The poetical works of ... George Crabbe, with his letters and journals, and his life, by his son [G. Crabbe].

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Stran 35 - ... books are not absolutely dead things, but do contain a potency of life in them to be as active as that soul was whose progeny they are; nay, they do preserve as in a vial the purest efficacy and extraction of that living intellect that bred them.
Stran 47 - I cannot praise a fugitive and cloistered virtue, unexercised and unbreathed, that never sallies out and sees her adversary, but slinks out of the race, where that immortal garland is to be run for, not without dust and heat.
Stran 47 - It was from out the rind of one apple tasted, that the knowledge of good and evil, as two twins cleaving together, leaped forth into the world. And perhaps this is that doom which Adam fell into of knowing good and evil, that is to say, of knowing good by evil.
Stran 42 - And God saw their works, that they turned from their evil way; and God repented of the evil that he had said that he would do unto them; and he did it not.
Stran 47 - He that can apprehend and consider vice with all her baits and seeming pleasures, and yet abstain, and yet distinguish, and yet prefer that which is truly better, he is the true warfaring Christian.
Stran 37 - Knowledge is of two kinds. We know a subject ourselves, or we know where we can find information upon it.
Stran 86 - passing rich with forty pounds a year?" Ah! no, a Shepherd of a different stock, And far unlike him, feeds this little flock; A jovial youth, who thinks his Sunday's task, As much as God or Man can fairly ask; The rest he gives to loves and labours light, To Fields the morning and to Feasts the night; None better...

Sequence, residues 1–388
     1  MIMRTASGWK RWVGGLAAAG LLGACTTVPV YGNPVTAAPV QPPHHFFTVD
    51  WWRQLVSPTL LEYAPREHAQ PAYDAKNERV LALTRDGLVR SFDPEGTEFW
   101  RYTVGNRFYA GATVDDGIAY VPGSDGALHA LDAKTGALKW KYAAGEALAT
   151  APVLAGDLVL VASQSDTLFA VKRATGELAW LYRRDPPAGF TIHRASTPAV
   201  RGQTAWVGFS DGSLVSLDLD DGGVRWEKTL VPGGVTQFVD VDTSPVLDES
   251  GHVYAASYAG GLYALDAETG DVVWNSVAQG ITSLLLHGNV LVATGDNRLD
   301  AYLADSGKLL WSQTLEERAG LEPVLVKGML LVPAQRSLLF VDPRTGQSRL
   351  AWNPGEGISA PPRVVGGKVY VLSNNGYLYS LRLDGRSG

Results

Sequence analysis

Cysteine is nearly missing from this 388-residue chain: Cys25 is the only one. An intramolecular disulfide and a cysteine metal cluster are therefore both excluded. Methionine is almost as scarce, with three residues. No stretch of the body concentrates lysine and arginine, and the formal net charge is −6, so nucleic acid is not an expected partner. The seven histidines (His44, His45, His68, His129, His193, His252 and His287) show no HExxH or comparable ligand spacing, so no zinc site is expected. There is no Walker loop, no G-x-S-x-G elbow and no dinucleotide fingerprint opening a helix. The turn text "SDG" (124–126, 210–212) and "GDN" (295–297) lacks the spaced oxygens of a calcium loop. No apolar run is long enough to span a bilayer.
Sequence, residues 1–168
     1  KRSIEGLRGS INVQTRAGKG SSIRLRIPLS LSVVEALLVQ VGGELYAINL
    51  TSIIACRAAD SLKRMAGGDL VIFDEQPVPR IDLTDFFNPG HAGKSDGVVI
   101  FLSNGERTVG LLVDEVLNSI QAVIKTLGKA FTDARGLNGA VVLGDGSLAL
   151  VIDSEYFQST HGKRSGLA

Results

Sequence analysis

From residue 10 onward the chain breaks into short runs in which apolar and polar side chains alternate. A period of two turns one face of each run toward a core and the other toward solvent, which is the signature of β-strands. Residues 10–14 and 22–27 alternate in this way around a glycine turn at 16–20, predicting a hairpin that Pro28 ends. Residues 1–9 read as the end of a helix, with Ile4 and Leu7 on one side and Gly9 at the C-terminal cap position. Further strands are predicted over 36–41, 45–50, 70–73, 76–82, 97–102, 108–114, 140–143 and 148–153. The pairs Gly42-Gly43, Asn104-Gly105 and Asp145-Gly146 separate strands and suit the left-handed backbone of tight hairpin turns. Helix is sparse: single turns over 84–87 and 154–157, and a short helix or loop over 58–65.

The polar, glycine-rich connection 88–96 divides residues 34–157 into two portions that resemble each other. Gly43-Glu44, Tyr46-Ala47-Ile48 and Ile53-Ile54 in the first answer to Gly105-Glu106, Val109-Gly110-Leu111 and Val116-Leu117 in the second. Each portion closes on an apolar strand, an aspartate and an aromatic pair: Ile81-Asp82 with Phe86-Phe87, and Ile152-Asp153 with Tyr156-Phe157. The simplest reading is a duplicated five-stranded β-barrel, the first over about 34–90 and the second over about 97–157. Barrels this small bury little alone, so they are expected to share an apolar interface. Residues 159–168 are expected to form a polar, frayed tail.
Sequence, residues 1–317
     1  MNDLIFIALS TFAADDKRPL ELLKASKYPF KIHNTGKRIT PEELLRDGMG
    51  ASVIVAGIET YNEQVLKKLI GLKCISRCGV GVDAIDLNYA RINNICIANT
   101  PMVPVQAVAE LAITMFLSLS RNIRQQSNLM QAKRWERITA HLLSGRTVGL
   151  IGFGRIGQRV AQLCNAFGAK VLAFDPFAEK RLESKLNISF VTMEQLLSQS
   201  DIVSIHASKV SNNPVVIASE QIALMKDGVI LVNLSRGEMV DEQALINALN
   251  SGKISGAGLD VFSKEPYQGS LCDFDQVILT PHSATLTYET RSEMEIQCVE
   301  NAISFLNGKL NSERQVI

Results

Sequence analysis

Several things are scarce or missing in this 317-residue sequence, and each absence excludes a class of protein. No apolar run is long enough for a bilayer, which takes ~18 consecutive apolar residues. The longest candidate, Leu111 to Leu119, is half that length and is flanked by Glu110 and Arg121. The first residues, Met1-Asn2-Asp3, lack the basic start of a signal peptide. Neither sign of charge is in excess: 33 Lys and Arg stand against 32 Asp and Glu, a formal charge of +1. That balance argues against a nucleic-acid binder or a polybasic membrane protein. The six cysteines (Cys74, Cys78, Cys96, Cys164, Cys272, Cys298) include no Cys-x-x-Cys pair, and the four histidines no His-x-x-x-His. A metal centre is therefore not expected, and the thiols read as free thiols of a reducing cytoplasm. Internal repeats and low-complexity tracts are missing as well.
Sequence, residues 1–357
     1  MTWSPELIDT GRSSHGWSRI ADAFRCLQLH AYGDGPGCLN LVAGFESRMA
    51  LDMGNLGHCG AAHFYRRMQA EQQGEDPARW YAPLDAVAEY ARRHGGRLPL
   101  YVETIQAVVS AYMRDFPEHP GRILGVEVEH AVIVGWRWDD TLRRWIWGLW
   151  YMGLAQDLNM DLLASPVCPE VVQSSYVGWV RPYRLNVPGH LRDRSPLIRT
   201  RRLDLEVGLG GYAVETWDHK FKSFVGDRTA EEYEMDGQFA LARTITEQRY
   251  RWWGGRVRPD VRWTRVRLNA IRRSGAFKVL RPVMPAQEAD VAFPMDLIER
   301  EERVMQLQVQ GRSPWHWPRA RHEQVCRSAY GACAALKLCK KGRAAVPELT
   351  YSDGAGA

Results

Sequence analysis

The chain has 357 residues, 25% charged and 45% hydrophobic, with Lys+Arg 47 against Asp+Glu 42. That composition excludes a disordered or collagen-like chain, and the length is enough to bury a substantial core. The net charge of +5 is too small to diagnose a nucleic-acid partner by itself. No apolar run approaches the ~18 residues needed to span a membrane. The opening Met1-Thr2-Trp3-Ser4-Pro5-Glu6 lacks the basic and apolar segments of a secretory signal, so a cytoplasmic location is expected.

Stran 77 - Rank weeds, that every art and care defy, Reign o'er the land and rob the blighted rye : There Thistles stretch their prickly arms afar, And to the ragged infant threaten war; There Poppies nodding, mock the hope of toil, There the blue Bugloss paints the sterile soil ; Hardy and high, above the slender sheaf, The slimy Mallow waves her silky leaf; O'er the young shoot the Charlock throws a shade, And clasping Tares cling round the sickly blade ; With mingled tints the rocky coasts abound, And a...
Stran 217 - I feel his absence in the hours of prayer, And view his seat and sigh for Isaac there : I see no more those white locks thinly spread Round the bald polish of that...
Stran 74 - On Mincio's banks, in Caesar's bounteous reign, If Tityrus found the Golden Age again, Must sleepy bards the flattering dream prolong, Mechanic echoes of the Mantuan song? From Truth and Nature shall we widely stray, Where Virgil, not where Fancy, leads the way? Yes, thus the Muses sing of happy swains, Because the Muses never knew their pains: They boast their peasants...

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